- Sandra Scarr proposed a theory of development that stresses the interactive nature of genes and environment
- According to Scarr, early environments influence young children, but children’s genes also influence the experience they
receive
- Genes predispose certain behaviours that elicit different responses, and these subsequent interactions then shape the
phenotype
- Because genes and social contexts interact, it can be very difficult to separate their independent effects
Gene Expression can be modified
- a variety of gene manipulation techniques are employed to enhance or reduce the expression of genes, or even to insert
genes into a different animal species
- animals with genetic modifications are then compared with animals without such modifications to text theories about the
genes’ function
- these gene manipulation techniques have led to dramatic increases in understanding how gene expression influences mind
and behaviour
- changing even a single gene can lead to dramatic changes in behaviour
- efforts to manipulate genes in humans have so far proven difficult and in some cases even dangerous
- there is new hope for altering gene expression with a method that focuses on RNA rather than on DNA
- gene expression involves DNA sending instructions via RNA to create specific proteins
- although RNA was once reviewed as a little more than a messenger, recent dramatic discoveries have indicated that RNA
might be more important than ever imaged
- RNA interference (RNAi), prevents gene expression by silencing the DNA instructions to make proteins
- The hope of being able to control such gene expression opens the possibility of bold new advances in our understanding
of how genes influence mind and behaviour
How does the nervous system operate?
- many of the genes in the human genome direct the development and ongoing functions of the nervous system, a
communication network that serves as the foundation for all psychological activity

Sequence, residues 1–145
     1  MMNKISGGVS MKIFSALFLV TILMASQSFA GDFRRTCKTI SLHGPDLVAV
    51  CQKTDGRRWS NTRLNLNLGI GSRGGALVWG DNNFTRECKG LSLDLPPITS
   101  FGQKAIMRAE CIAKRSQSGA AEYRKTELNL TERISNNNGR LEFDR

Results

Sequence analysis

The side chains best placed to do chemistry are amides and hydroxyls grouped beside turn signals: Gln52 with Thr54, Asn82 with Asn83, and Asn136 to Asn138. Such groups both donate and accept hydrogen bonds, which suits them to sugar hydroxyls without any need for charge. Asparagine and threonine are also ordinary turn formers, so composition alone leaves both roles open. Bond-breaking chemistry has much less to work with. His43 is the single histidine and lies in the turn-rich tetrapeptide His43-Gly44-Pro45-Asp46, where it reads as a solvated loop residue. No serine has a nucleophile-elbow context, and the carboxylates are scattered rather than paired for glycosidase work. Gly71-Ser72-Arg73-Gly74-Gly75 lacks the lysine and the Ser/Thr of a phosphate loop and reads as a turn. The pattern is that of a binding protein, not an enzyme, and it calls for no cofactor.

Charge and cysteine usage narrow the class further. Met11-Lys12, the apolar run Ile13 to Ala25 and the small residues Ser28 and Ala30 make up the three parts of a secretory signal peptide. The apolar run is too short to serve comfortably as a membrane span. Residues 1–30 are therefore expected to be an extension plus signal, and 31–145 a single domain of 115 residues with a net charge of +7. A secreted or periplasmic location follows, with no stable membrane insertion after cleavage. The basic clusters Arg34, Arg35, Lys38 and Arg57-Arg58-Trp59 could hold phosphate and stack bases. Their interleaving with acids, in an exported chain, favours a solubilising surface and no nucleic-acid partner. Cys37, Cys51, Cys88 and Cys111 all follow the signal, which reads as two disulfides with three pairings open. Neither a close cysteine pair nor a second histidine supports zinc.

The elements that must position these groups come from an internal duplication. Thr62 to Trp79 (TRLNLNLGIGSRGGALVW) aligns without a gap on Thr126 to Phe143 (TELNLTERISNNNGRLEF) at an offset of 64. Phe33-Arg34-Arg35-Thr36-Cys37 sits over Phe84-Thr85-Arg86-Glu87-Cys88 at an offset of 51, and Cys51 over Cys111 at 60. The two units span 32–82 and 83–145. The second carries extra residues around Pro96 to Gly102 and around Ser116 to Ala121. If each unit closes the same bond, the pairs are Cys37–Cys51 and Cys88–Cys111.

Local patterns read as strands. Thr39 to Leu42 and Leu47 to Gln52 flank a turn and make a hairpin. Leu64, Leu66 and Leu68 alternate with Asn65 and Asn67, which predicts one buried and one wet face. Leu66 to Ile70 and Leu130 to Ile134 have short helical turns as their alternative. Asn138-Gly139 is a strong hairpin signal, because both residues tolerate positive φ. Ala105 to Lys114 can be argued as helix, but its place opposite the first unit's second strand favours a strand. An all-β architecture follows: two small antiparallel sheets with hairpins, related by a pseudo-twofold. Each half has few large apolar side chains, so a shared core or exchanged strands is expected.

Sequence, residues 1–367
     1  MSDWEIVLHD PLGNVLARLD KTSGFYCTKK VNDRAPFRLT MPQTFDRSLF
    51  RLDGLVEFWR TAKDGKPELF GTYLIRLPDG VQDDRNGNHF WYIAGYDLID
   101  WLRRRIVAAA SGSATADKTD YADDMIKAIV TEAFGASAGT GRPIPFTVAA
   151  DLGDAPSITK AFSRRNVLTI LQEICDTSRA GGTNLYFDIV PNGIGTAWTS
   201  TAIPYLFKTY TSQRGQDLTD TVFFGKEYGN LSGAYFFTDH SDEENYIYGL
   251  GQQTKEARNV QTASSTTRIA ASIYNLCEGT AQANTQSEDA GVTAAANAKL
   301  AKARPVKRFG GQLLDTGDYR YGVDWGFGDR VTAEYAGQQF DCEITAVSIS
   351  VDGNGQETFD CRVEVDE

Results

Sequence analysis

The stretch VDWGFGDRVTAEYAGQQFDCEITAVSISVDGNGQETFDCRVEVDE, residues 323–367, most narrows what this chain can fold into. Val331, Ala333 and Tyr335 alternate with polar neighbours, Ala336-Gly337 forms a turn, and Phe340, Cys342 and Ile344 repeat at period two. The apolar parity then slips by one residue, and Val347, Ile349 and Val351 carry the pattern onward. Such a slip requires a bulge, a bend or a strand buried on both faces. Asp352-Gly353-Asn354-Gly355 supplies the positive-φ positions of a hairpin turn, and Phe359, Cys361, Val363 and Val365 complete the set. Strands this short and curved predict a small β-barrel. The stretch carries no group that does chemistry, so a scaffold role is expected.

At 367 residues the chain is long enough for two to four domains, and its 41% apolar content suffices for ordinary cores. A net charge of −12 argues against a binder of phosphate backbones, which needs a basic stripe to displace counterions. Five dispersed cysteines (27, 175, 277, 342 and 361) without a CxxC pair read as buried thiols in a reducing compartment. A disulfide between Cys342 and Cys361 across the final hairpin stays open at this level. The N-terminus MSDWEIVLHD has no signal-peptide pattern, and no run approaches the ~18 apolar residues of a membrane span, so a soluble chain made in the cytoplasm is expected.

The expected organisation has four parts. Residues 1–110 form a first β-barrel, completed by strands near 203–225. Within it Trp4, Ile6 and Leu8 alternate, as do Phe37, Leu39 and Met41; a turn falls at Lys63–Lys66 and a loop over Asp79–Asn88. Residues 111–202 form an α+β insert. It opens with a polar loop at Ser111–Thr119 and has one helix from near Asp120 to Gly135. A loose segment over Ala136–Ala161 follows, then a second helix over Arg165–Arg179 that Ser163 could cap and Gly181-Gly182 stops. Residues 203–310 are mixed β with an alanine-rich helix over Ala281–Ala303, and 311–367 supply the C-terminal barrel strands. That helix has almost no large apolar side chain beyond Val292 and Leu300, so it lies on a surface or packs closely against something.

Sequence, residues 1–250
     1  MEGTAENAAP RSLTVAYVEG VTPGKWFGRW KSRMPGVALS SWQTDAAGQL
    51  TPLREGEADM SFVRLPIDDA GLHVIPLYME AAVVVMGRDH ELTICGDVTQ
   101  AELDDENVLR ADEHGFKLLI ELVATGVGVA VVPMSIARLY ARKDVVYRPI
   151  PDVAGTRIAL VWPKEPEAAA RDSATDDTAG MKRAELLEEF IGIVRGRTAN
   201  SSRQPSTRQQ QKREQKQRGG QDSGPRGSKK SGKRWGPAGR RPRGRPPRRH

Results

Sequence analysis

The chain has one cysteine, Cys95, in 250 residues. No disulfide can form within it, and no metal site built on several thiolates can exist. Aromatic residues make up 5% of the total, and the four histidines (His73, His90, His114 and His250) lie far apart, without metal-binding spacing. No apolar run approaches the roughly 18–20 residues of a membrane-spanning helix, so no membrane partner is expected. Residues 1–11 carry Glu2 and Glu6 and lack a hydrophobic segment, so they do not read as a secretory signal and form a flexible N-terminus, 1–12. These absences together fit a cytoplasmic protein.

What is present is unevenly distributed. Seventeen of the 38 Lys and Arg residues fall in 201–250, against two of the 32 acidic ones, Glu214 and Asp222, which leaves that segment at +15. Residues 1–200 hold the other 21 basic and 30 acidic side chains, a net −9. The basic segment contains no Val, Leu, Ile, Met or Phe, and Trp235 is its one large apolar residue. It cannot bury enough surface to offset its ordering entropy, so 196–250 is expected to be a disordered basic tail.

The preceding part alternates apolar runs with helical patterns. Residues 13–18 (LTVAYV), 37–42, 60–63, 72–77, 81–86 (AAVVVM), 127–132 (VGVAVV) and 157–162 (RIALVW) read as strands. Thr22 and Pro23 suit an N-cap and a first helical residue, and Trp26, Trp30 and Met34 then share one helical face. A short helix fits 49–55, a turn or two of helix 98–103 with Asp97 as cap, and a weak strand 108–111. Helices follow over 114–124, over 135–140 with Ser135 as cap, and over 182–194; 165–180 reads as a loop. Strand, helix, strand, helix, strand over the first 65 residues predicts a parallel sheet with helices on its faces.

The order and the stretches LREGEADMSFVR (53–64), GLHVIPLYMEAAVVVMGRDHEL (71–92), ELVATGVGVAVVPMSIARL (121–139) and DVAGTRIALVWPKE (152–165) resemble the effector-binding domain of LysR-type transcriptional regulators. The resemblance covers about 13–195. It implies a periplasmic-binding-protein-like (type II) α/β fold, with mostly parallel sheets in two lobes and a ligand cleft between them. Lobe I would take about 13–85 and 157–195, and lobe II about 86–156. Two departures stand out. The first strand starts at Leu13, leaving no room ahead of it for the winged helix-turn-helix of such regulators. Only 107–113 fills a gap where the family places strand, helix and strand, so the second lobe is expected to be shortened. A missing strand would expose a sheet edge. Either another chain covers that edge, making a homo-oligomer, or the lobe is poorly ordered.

- comprising billions of specialized cells known as nerve cells, the nervous system takes in a variety of info form the
eternal world, evaluates that info, and subsequently produces behaviours or makes bodily adjustments to adapt to the
environment
Neurons are specialized for communication
- neurons – the basic unit of the nervous system that operates through electrical impulses, which communicate with other
neuron through chemical signals – neurons receive, integrate, and transmit info in the nervous system
- neurons differ from most other cells because they are excitable – they operate through electrical impulses and
communicate wit other neurons through chemical signals
- they have three functions – to take in information from neighboring neurons (reception), integrate those signals
(conduction), and pass signals to other neurons (transmission)
- neurons com in a wide assortment of shapes and sizes, but they typically share four structures regions that assist the
neuron’s communication functions
- first region – dendrites
o dendrites – branchlike extensions of the neurons that detect info from other neurons
o increase the neuron’s receptive field
o detect chemical signals from neighbouring neurons
- second region – cell body
o cell body – in the neuron, where info from thousands of other neurons is collected and processed
o the site of metabolism and genetic action
o contain DNA, the recipe for action for the neuron